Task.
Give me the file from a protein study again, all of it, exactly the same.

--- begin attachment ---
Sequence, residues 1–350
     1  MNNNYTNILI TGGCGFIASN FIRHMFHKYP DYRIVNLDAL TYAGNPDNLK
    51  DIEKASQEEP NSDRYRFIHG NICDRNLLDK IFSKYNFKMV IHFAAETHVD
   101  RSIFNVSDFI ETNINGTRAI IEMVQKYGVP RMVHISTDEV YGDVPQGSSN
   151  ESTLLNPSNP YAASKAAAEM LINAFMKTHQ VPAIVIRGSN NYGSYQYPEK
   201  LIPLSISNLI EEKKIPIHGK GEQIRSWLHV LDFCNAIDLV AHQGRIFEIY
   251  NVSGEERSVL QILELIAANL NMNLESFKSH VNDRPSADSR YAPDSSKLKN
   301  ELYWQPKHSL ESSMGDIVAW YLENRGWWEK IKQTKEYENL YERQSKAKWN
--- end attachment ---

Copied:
Sequence, residues 1–350
     1  MNNNYTNILI TGGCGFIASN FIRHMFHKYP DYRIVNLDAL TYAGNPDNLK
    51  DIEKASQEEP NSDRYRFIHG NICDRNLLDK IFSKYNFKMV IHFAAETHVD
   101  RSIFNVSDFI ETNINGTRAI IEMVQKYGVP RMVHISTDEV YGDVPQGSSN
   151  ESTLLNPSNP YAASKAAAEM LINAFMKTHQ VPAIVIRGSN NYGSYQYPEK
   201  LIPLSISNLI EEKKIPIHGK GEQIRSWLHV LDFCNAIDLV AHQGRIFEIY
   251  NVSGEERSVL QILELIAANL NMNLESFKSH VNDRPSADSR YAPDSSKLKN
   301  ELYWQPKHSL ESSMGDIVAW YLENRGWWEK IKQTKEYENL YERQSKAKWN